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New RE policy updates a boon to local players

New RE policy updates a boon to local players

11 May 2023

Recent updates to Malaysia’s renewable energy (RE) policy are expected to benefit several power producing companies through the creation of new opportunities.

Potentially attracting investments of up to RM637bil up till 2050, involving power generation sources, grid infrastructure and energy storage capacity, the latest policy decisions could position Malaysia as a leader in regional RE trade.

According to MIDF Research, the latest policy decisions is a signal to potential third-party access to the grid to allow transmission of power from RE generators to end customers.

It is also a step towards market liberalisation, it said.

The brokerage expected YTL Power International Bhd, and indirectly, the latter’s holding company YTL Corp Bhd, to benefit in the immediate term with the lifting of RE export ban and the development of an electricity exchange system to enable cross-border RE trading under the new policy decisions.

This could be attributed to YTL Power’s advantage in having existing power generation and power retail operations in Singapore.

MIDF Research pointed out that YTL group’s 2000-acre land in Johor can accommodate up to 500-megawatt solar capacity, though the brokerage expected part of the electricity generated would be utilised to power the group’s own planned data centres in the state.

“We believe Tenaga Nasional Bhd (TNB) stands to benefit from wheeling charges given its monopoly of the national transmission grid,” MIDF Research said.

“We also believe TNB will benefit from higher capital expenditure into grid infrastructure to accommodate the envisioned regional RE trade, which will be positive for its regulated earnings.”

According to MIDF Research, the potentially increased demand for RE exports could drive greater requirements for RE capacity.

It would not rule out other existing RE owners and developers such as Ranhill Utilities Bhd, Jentayu Sustainables Bhd and Cypark Resources to tap on this potential.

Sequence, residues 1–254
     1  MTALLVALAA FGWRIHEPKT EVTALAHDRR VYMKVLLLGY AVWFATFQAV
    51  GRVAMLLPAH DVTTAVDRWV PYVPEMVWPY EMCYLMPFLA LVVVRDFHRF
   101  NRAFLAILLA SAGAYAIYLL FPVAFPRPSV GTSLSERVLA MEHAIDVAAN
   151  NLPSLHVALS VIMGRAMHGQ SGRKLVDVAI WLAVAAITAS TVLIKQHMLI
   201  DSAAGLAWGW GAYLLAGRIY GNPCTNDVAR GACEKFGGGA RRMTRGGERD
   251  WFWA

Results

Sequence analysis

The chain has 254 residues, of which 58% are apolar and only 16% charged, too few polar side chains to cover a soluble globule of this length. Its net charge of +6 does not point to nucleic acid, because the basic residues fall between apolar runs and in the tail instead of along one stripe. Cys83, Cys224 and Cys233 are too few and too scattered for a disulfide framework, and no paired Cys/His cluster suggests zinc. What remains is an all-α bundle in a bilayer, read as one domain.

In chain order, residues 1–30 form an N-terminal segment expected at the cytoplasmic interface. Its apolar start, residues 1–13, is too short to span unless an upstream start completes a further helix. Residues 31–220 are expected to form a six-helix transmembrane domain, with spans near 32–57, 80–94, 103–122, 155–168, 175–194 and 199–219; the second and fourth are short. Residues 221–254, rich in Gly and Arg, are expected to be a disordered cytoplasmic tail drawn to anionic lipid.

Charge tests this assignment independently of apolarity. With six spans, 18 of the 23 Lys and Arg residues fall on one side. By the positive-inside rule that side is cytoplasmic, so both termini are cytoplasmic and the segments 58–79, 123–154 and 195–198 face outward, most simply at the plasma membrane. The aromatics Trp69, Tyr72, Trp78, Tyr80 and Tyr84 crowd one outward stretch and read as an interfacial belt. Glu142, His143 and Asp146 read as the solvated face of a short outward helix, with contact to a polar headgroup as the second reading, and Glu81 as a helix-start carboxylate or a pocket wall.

Engineering, procurement, construction and commissioning players such as Solarvest Holdings Bhd and Samaiden Group Bhd were also obvious potential beneficiaries, MIDF Research said.

The Economy Ministry and the Natural Resources, Environment and Climate Change Ministry on Tuesday unveiled several key updates to Malaysia’s RE policy as a commitment to a more aggressive step towards sustainability.

Among the changes involved a new RE capacity mix target of 70% by 2050, as compared to the earlier targets of 31% RE capacity mix by 2025 and 40% by 2035 against an RE capacity mix of 25% as of end-2022.

Another key announcement was the lifting of the current RE export ban and the development of an electricity exchange system to enable cross-border RE trading.

This was expected to allow domestic RE capacity to grow at a faster and larger scale, capitalising on rising regional RE demand.

“A low hanging fruit is Singapore, which lacks land size to accommodate RE generation and houses a lot of the region’s RE100 multinational corporations,” MIDF Research said.

RE100 is a global initiative involving companies that are committed to 100% RE across its operations.

It pointed out that Malaysia had an advantage given its proximity to Singapore and an existing interconnection.

“As RE-sourced electricity in Singapore commands much higher tariffs, this could also drive investments into solar+ battery energy storage system projects, which may have not been feasible previously at local tariffs,” MIDF Research said.

In the long run, the new policy on RE trade aimed to position Malaysia at the centre of the regional electricity trade, riding on the Asean grid interconnection initiative.

“The move aims to capitalise on the ample RE resource in the country and its strategic geographical location at the centre of the region,” MIDF Research said.

Source: The Star